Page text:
• Enhanced governance and anti-corruption – Both of the above can only be addressed through taking on a robust governance approach – from government down to businesses to individuals. This is a wider problem across emerging economies (particularly in a South Asian subcontext) but if serious approaches can be taken to tackle them, some headway will be made. This will be critical for sustained growth and development prospects for the country.
  • Continued support to rural and agricultural development – Nepal still remains a largely agricultural nation. It is vital that farmers and rural areas are given complete assistance from the Nepal government and other international donors. Often, nations in their hasty eagerness towards development focus a disproportionate amount of resources towards the development of a commercial and industrial centre and tend to ignore the rural development. The protection of a nation’s food sources and breadbasket is a vital aspect of nation building which cannot be overlooked or underestimated.
  • A more open and liberal banking system – Currently, the Nepali banking system is not widely integrated into international banking systems. The use of credit cards are low and electronic payment facilities are also limited. To further support the export sector development, Nepal needs a greater liberalisation of the banking sector and financial markets to further support growth. Greater investor education is also required for a more efficient functioning of the existing capital markets too. Banks should also further support micro-financing initiatives and SME initiatives to further spur easier access to finance which will support greater innovation. SME focused growth always provides for a broad-based economic development and creates a more resilient and innovative economy.
  • Continued focus on education – Nepal should increase the level of GDP spend on education. This will include increasing the quality of schools (from primary level up to college (SSLC) levels). Increased investment is also required for the leading universities in the country (including Tribhuvan University, Kathmandu University and Pokhara University) and to support enhanced teaching and research faculties. There should also be a support for vocational and professional training to ensure better alignments of educational outcomes to the country’s developmental needs.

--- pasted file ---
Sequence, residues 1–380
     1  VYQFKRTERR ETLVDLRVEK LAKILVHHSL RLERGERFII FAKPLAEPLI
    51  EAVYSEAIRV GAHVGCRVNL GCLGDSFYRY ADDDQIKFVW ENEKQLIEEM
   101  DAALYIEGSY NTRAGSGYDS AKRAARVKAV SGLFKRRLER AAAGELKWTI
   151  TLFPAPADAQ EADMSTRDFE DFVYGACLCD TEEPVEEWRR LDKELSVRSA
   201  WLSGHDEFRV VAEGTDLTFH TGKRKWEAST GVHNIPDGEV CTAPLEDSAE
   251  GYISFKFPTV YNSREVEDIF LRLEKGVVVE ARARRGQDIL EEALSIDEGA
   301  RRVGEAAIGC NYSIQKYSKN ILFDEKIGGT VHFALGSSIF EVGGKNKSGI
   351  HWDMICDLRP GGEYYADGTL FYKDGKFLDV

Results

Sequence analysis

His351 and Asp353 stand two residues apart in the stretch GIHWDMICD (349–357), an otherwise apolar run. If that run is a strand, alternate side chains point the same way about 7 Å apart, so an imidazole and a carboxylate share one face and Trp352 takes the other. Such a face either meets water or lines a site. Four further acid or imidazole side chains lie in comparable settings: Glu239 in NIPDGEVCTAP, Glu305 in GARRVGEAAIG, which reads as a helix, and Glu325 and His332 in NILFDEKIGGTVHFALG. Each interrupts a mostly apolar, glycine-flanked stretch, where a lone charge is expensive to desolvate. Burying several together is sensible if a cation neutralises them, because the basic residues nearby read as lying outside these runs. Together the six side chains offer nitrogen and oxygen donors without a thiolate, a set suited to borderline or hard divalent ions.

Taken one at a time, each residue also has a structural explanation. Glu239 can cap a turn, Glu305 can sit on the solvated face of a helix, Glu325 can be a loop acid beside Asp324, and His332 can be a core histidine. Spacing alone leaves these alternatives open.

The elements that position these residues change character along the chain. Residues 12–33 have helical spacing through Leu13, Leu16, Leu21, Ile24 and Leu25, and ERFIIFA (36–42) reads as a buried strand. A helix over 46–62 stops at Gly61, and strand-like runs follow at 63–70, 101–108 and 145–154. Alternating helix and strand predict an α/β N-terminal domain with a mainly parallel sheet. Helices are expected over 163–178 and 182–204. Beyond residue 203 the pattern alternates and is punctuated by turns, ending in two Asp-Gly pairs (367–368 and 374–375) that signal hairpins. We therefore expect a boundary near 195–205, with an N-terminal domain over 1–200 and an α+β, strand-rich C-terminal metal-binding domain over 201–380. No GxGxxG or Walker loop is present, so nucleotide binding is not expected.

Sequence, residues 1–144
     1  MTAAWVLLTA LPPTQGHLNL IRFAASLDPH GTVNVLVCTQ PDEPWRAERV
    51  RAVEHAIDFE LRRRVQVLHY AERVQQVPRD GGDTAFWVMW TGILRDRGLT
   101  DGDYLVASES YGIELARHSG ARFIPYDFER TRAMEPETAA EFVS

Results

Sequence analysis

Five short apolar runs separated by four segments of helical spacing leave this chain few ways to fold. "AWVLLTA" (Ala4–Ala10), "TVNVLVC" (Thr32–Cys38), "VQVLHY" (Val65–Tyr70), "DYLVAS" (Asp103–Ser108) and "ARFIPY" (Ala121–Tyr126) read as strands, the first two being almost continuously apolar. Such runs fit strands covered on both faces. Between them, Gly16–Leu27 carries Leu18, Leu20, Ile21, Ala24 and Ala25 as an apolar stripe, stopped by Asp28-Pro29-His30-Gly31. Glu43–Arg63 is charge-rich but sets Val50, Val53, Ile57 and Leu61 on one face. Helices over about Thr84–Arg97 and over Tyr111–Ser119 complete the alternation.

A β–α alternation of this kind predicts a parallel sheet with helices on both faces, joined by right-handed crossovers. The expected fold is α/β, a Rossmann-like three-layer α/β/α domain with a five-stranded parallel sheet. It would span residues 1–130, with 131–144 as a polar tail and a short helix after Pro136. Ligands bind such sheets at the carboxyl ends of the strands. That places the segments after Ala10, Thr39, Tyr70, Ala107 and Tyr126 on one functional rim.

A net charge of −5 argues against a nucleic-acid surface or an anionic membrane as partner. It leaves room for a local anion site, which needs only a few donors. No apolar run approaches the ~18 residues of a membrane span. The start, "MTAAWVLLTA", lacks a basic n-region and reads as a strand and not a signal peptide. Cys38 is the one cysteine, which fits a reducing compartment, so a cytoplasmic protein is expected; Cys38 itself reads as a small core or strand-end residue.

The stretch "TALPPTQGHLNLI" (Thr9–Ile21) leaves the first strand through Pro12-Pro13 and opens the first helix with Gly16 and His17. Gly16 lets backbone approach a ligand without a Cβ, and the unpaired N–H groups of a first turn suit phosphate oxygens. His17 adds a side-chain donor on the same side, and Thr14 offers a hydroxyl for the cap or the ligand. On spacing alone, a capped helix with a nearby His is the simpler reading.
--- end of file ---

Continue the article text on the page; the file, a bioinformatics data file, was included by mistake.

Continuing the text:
• Improved redistribution of resources and income – Nepal has the worst levels of income inequality in South Asia (and amongst the highest in all of Asia – Hong Kong has the highest followed by Singapore). Nepal’s gini coefficient has increased from 31 to 47 over the last decade. The gini coefficient is a measure of income inequality across the country’s entire population. A value of zero suggests absolute equality and a score of 100 suggests absolute inequality. What this also means is that in Nepal, over 40 percent of income/consumption is held by the highest 10 percent of the population whilst the lowest 10 percent of the population only share 2.6 percent of income. This means that the growing economy of Nepal is not benefitting all of the country and much of the wealth is being concentrated at the very top. This is a problem faced by most emerging nations and one that needs to be tackled at policy and operational level. Over a long period, this will also lead to political and economic instability and the potential for class warfare becomes much more distinct. It is vital that the Nepali government, policy makers and international donors address this very critical issue. It is also something which the larger businesses should address – ensuring better equality will lead to greater stability of the business environment – it’s simply good business to have greater equality.
  • Infrastructure improvement – It is excellent to see that the roads are being widened, expressways being built and greater investment in information and communications technology. Nepal also needs to address the chronic electrical brownouts or outages and ensure better redistribution of hydro power being generated (Nepal has the potential to be the world’s largest producer of hydro power) to wider segments of the country. Ongoing commitment to infrastructure commitment will be crucial to support future growth.
  • Renewed focus on environmental and social protection – It is vital that amidst all of the industrial and commercial developments that Nepal does not take an eye off the impacts on the environment. With the large investments in hydroelectric power stations, there will always be a temptation to close an eye to the environmental degradation and pollution, but the impacts will be significant, if not immediately then over a longer time frame. Progress today is worthless if future generations do not have clean water, fresh air and a healthy environment.
  • Prevent a housing bubble – With rapid developments, most emerging economies go through a period of a sharp upward creep of property and housing prices. It is critical that the Nepal government and relevant authorities ensure that this is tackled swiftly. Housing booms lead to bubbles and as most children can attest – all bubbles burst! There are some instructive experiences from Vietnam, Iceland and other emerging economies and if nothing else, it is important we learn through the painful experiences of others. Housing and property booms do not contribute to the economic growth of a nation. They are depreciating asset classes which do not produce or contribute to a nation’s growth contrary to popular beliefs and expectations. Affordable housing has to remain at the core of nation building and the moment it becomes too expensive for the locals to afford a home in their own lands, it leads to painful corrections.

The above are some of my own personal thoughts on the various structural challenges facing Nepal based on my own limited experiences in the country. Nepal has reaffirmed her commitment to the Millennium Development Goals and this is highly laudable. The commitment must not only be in the form of agreement at international meetings and forums but also in the form of concrete developments and actions on the ground.